Effects of lipopolysaccharide on platelet-derived growth factor isoform and receptor expression in cultured rat common bile duct fibroblasts and cholangiocytes

Authors

  • Tae-Hyeon Kim,

    1. Division of Gastroenterology, Department of Medicine, University of Washington and Veterans Affairs Puget Sound Health Care System, Seattle Division, Seattle, Washington, USA and
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  • Jong Ho Moon,

    1. Division of Gastroenterology, Department of Medicine, University of Washington and Veterans Affairs Puget Sound Health Care System, Seattle Division, Seattle, Washington, USA and
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  • Christopher E Savard,

    1. Division of Gastroenterology, Department of Medicine, University of Washington and Veterans Affairs Puget Sound Health Care System, Seattle Division, Seattle, Washington, USA and
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  • Rahul Kuver,

    Corresponding author
    1. Division of Gastroenterology, Department of Medicine, University of Washington and Veterans Affairs Puget Sound Health Care System, Seattle Division, Seattle, Washington, USA and
      Dr Rahul Kuver, Division of Gastroenterology, Department of Medicine, University of Washington School of Medicine, Box 356424, 1959 NE Pacific Street, Seattle, WA 98195, USA. Email: kuver@u.washington.edu
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  • Sum P Lee

    1. The Li Ka Shing Faculty of Medicine, University of Hong Kong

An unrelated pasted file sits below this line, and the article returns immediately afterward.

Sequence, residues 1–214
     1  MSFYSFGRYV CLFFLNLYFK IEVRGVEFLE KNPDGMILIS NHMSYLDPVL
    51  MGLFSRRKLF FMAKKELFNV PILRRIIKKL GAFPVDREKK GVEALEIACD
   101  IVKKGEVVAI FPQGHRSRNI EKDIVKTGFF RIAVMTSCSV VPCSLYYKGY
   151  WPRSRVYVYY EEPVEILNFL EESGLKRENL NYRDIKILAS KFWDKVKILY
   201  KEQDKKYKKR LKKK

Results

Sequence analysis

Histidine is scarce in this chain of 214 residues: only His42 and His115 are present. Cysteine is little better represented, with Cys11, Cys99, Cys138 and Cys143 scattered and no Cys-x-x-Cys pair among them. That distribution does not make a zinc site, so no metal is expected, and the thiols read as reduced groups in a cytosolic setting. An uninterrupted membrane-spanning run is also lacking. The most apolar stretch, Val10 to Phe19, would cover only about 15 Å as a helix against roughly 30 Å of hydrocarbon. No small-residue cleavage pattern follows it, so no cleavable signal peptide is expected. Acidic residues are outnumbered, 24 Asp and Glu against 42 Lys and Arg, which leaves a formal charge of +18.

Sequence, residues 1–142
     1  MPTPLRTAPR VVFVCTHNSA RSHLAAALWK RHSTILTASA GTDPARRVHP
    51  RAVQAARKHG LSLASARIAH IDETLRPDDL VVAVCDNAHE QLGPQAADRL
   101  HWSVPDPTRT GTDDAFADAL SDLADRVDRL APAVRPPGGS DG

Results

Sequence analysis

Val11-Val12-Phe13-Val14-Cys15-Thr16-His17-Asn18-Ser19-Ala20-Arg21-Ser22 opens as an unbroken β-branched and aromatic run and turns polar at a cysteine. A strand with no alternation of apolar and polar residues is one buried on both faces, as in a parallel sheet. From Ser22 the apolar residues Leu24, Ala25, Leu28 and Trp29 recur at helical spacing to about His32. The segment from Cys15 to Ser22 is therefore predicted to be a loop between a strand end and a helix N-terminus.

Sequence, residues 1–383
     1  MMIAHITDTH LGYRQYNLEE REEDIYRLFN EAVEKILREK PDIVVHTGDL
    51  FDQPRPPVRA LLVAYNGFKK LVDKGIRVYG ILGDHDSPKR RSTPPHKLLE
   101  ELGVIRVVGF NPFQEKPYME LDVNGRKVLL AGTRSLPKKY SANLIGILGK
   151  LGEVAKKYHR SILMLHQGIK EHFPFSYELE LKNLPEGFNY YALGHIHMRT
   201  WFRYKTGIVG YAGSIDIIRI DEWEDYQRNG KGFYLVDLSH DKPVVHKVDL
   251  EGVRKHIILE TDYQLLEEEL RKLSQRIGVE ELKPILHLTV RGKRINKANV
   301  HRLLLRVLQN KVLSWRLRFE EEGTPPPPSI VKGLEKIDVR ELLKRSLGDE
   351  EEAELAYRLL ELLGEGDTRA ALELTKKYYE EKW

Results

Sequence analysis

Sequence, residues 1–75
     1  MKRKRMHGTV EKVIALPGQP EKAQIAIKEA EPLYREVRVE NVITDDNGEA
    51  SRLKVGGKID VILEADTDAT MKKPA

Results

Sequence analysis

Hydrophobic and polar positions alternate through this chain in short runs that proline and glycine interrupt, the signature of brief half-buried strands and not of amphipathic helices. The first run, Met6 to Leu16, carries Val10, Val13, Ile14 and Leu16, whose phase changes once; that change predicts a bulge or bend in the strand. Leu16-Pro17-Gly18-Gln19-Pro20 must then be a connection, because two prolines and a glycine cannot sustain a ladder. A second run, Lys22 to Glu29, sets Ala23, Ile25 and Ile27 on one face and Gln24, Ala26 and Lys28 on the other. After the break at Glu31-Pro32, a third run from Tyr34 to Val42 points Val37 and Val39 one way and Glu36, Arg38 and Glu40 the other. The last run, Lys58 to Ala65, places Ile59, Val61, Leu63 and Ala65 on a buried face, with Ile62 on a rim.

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Dr Rahul Kuver, Division of Gastroenterology, Department of Medicine, University of Washington School of Medicine, Box 356424, 1959 NE Pacific Street, Seattle, WA 98195, USA. Email: kuver@u.washington.edu

Abstract

Background and Aim:  Little is known about the role of platelet-derived growth factor (PDGF) in biliary fibrosis in the setting of bacterial colonization of the biliary tree. We therefore sought to investigate whether exposure to bacterial lipopolysaccharide (LPS) alters PDGF isoform and receptor expression in cultured rat common bile duct fibroblasts (CBDF) and normal rat cholangiocytes (NRC).

Methods:  Collagen content in cells and media was assessed by colorimetric assay and gel electrophoresis. mRNA levels of PDGF-A and -B, and PDGF-Receptors (PDGF-R) α and β were measured by relative quantitative real-time PCR. Protein levels of PDGF-AA, AB and BB were measured by ELISA, and PDGF-Rα and PDGF-Rβ by Western blot.

Results:  In CBDF, LPS increased total soluble collagen synthesis and secretion. PDGF-Rα and β mRNA and protein were also increased by LPS treatment in CBDF. Lipopolysaccharide treatment elicited an increase in PDGF-A and -B mRNA levels in CBDF. In NRC, levels of PDGF-A mRNA increased in a dose-dependent fashion following LPS treatment, whereas PDGF-B mRNA showed no response. PDGF-AA secretion was higher by CBDF than by NRC. PDGF-BB levels were also higher in CBDF than in NRC. While PDGF-BB levels did not respond to LPS treatment in CBDF, there was a dose-dependent response of this isoform to LPS in NRC. Intracellular and secreted PDGF-AB increased with LPS treatment in NRC.

Conclusions:  These results support a model in which chronic bacterial colonization of the biliary tree induces fibrosis through PDGF-dependent mechanisms.

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